Housing: Cable may be cut


Sable Riley


Troy University officials are looking into alternatives to the basic cable television package currently in most on-campus residences, according to Dean of Student Services Herbert Reeves.

The University has not released an official statement as of yet, but speculation of its removal was addressed at the Residence Hall Association meeting on Wednesday by LuAnn Knight Crenshaw, coordinator of residence life.

“Our goal is not to leave students without television-style entertainment,” Crenshaw said.

Since the plan is not official, she said there are only suggestions as to what might occur once the current contract with Troy Cable expires sometime in October. However, she stressed nothing is set in stone.

Whatever happens, the two new residence halls, 1000 and 2000, and married student housing will not be affected.

She pointed out it is likely that the University will decide not to renew the contract and make the “logical jump” of purchasing more internet bandwidth instead.

If the University does not renew the cable contract, this will allow students to utilize live-streaming content — Netflix, Hulu, Roku and Amazon Prime — that students already use anyway, Crenshaw said.

Roku is a device that gives users access to over 500,000 movies and TV episodes from top free and paid channels so almost anything can be streamed, according to its website.

Crenshaw also mentioned that the University might utilize an app that students can use to view the same content they could watch on basic television or to purchase additional channels. The service, she said, will likely be provided as part of housing costs.

According to Troy University’s records, in 2016, Troy University paid $244,000 to Troy Cable. Of that, $190,000 was paid to provide cable in residence halls.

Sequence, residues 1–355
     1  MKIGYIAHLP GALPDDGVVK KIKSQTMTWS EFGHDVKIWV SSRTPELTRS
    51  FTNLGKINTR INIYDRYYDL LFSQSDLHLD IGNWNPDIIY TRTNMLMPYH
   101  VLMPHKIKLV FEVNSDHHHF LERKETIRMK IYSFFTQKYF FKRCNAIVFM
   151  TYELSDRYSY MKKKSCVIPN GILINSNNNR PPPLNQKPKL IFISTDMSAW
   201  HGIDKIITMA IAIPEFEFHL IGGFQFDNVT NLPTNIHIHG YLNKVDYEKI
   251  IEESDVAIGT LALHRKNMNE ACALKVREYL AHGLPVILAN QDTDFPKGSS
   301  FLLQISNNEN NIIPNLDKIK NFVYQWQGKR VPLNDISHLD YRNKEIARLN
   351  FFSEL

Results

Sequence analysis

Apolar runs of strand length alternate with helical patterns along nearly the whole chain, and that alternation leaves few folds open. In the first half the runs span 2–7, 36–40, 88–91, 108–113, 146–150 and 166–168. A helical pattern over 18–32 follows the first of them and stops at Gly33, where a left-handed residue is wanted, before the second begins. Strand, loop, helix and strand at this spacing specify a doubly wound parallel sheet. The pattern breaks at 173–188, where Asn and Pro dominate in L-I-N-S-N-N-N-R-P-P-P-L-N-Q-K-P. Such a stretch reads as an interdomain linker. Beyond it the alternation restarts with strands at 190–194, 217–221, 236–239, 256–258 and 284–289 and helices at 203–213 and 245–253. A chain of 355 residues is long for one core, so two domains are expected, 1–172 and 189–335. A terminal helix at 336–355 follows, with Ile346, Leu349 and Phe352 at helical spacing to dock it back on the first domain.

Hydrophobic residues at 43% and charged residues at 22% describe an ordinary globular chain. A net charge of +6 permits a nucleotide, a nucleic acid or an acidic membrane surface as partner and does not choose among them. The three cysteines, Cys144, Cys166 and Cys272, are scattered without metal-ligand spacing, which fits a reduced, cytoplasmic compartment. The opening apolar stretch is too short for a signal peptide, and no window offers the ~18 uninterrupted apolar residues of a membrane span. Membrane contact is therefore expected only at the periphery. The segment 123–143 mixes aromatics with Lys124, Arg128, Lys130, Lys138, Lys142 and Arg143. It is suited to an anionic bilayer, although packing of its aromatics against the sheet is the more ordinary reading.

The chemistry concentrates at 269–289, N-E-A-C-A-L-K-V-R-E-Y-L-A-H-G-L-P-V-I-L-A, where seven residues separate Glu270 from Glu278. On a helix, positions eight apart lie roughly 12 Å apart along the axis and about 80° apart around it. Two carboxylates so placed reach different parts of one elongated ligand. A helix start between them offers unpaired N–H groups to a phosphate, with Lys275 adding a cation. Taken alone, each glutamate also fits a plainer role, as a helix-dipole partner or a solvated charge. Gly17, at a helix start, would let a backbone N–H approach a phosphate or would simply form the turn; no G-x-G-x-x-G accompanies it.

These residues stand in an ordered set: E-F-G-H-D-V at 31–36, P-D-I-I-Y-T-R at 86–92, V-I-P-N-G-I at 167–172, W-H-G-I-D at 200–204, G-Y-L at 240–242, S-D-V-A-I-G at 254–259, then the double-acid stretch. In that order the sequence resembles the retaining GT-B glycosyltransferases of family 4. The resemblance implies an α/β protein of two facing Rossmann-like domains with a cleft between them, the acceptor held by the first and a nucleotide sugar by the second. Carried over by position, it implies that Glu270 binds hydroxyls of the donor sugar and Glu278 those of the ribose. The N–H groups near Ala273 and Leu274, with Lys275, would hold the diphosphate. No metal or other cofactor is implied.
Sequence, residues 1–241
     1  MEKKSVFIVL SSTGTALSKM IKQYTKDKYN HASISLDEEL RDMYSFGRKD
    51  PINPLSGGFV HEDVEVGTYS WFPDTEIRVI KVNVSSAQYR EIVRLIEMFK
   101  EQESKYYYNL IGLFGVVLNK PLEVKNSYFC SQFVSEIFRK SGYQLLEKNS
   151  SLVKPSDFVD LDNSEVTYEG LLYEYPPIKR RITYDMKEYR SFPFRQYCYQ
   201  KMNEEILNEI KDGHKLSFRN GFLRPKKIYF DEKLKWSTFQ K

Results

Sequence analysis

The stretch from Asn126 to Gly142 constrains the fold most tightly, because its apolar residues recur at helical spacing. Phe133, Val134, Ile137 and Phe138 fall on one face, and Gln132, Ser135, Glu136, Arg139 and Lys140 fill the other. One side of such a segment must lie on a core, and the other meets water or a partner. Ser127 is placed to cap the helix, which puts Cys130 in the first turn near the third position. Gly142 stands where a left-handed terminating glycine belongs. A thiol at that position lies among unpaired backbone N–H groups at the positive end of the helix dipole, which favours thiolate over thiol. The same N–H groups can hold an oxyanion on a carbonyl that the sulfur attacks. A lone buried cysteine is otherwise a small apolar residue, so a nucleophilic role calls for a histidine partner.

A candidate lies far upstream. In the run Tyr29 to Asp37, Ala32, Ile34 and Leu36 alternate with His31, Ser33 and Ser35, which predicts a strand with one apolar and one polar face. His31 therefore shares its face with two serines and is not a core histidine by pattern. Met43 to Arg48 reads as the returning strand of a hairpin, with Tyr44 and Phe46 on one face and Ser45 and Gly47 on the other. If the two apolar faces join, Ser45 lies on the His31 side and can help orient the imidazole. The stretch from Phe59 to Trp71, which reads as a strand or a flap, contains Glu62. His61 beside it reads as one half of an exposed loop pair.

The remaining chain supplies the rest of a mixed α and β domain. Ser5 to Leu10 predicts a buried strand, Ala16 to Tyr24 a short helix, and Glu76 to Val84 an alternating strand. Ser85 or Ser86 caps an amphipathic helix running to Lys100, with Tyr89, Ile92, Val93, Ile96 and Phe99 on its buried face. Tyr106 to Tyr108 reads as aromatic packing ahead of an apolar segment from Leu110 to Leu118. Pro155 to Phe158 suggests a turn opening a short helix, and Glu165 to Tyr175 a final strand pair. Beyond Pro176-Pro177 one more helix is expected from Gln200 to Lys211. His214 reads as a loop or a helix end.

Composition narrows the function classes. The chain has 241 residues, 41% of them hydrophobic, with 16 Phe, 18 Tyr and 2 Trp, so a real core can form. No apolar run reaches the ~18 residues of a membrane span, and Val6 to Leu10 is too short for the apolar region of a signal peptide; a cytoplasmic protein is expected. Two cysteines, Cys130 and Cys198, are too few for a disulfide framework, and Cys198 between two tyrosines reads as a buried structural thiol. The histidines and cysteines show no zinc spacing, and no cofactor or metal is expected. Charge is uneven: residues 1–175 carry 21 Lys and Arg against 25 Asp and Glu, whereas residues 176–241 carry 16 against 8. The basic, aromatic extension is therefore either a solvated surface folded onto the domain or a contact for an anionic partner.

Crenshaw said the new system is a more cost-effective option for the University.

“You don’t care what’s on ABC at 6:30; you want to watch ‘The Office’ anytime you want to watch ‘The Office,’” Crenshaw said, who estimated that 90 percent of students on campus watch shows and movies on computer screens versus the television.

She also cited a decrease in the number of students who were bringing TVs at all to their on-campus housing.

Josh Whitehorn, a junior hospitality sport and tourism management major from Texarkana, Texas, and resident in Trojan Village 400, came to the meeting because he was concerned about losing live-streaming sports channels.

“What she said sounds a lot better than I was expecting,” Whitehorn said after sitting through the open forum and engaging Crenshaw with questions about possible cable replacements and suggested HBO Go, which is an app with live-streaming options.

Whitehorn’s concern now is that he does not want to compete with people watching Netflix while he’s doing his homework online, even with the increased bandwidth that will allow faster internet speeds.

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